Holiday online sales forecast: “weak”
Don’t worry, the Grinch hasn’t stolen Christmas.
But things are slowing down: According to Adobe, this year’s overall online holiday spending will grow a mere 2.5% – the lowest in seven years.
Why? Many reasons: Retailers have started discounting products early, thanks to bloated inventories, miscalculations, inflation, and so on.
Discounts came early this year: Plus, many brands have already started running discounts, with Amazon launching its Prime Early Access Event and other companies rolling out similar deals earlier and for longer.
All that early discounting is expected to weaken big sale days like Cyber Week.
And with customers likely to prioritize essential items, you may see fewer clicks and conversions during what’s historically been a lucrative season.
Why we care: All signs point to an unpredictable holiday season for e-commerce brands. If you see a dip in predicted profits, be assured you’re not the only one.
YouTube introduce handles, plus two SEO updates
Isn’t it crazy how siblings can come from the same parents and be nothing alike?
Sort of like today’s three Google updates…
What’s your handle: YouTube is finally adding “handles,” following in the footsteps of Twitter, Instagram, and other channels.
YouTube handles or “@usernames” will allow all users to interact across Shorts, channel pages, video descriptions, inside the comment section, and more. Nice.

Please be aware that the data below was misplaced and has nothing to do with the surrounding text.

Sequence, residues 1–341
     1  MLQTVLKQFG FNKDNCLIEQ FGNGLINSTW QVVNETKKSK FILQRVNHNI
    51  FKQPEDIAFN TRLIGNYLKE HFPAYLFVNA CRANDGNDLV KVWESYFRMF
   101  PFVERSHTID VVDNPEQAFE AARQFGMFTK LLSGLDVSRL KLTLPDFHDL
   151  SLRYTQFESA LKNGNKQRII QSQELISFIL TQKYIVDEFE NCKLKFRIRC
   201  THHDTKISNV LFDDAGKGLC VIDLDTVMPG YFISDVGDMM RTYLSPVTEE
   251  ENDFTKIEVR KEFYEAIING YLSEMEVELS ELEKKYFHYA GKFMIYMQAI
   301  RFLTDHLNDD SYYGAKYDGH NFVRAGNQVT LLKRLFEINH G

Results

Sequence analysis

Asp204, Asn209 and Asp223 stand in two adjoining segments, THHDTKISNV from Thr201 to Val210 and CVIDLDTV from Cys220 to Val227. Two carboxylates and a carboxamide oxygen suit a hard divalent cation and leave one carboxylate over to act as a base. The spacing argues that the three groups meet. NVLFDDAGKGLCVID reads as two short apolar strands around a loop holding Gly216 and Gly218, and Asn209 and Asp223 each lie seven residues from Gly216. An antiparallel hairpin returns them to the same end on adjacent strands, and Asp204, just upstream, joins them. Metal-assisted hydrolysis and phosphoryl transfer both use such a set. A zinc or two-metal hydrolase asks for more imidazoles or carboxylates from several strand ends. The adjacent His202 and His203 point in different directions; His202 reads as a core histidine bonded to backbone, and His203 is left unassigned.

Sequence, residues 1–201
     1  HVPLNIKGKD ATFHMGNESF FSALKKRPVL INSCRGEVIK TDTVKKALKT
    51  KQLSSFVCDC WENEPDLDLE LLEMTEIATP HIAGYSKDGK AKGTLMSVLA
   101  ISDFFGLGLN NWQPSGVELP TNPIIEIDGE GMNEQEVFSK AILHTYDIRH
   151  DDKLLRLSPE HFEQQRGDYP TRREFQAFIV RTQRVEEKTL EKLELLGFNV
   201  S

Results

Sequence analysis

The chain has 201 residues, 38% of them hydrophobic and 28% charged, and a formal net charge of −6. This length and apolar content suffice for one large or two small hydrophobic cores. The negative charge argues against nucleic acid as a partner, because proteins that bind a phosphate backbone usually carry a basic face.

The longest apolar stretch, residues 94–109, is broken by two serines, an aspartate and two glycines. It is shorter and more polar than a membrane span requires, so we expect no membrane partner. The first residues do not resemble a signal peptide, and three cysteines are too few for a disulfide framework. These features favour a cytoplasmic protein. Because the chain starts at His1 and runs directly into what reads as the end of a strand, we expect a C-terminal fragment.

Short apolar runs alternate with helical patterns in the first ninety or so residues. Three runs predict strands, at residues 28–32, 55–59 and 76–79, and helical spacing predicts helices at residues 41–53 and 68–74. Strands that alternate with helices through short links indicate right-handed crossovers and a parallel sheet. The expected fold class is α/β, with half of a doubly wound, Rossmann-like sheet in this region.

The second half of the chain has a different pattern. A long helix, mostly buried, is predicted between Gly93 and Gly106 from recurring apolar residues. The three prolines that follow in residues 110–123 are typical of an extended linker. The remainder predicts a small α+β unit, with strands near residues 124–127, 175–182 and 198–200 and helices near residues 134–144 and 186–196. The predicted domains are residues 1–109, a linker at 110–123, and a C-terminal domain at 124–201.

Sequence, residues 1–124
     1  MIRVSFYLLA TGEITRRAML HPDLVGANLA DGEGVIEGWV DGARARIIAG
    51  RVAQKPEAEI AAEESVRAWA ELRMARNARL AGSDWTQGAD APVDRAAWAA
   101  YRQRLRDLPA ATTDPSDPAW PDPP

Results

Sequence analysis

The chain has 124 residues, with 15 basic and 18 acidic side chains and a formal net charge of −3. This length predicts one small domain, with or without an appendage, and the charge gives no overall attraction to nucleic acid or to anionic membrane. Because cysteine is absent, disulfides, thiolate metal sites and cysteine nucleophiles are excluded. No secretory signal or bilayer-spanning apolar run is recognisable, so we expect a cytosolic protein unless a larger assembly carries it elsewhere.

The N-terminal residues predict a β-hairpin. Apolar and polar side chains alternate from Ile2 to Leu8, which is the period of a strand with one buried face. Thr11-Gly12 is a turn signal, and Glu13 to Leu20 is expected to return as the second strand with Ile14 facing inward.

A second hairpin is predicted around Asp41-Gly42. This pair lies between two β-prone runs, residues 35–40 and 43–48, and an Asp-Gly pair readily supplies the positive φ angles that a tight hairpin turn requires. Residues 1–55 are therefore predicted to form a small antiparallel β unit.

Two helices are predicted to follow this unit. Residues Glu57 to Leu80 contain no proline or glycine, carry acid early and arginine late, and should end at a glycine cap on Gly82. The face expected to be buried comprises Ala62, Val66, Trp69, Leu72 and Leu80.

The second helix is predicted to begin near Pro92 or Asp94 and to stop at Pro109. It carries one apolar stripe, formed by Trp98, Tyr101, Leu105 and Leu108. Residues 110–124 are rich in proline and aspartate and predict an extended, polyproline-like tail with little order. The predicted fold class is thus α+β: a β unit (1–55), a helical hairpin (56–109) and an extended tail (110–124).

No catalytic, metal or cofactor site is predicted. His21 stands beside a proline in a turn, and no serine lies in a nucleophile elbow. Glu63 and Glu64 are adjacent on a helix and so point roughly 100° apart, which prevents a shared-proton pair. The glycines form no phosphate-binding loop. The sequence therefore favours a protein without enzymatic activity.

Who should write reviews: Google has added three examples of desired product review article writers:
- An expert staff member or merchant that guides shoppers between products.
- A blogger providing independent opinions on products.
- An editorial staff member of a news or publishing website.
Sometimes, but not always: Also, Google’s Danny Sullivan confirmed that the product review update is indeed on a page-level basis.
… Unless you have a lot of product reviews, in which case it could be a site-wide evaluation.
Why we care: YouTube’s handles could be a game-changer if you’re using the platform. They should make it easier to promote your account and boost brand awareness in video descriptions, comments, and elsewhere.
And in case you haven’t noticed already, Google’s reviews update proves it favors legitimate, authoritative content above simple, low-quality review pages.
So keep it real out there!
Never waste ad spend again: Find out exactly which channels, campaigns and creatives are actually driving revenue
You wouldn’t make big budget decisions with your gut, right?
So stop relying on just intuition to tell you what ads and channels are working!
… Especially when the brightest minds in data science, marketing, and media buying have joined forces to give you total clarity on your customer journey and your ad spend.
Northbeam created a platform that shows you exactly what happens between your marketing investments and the revenue generated.
Northbeam’s algorithm tracks every channel, touchpoint, and conversion in the customer journey.
And its advanced machine learning models show you the specific metrics, campaigns, and goals that are actually driving performance.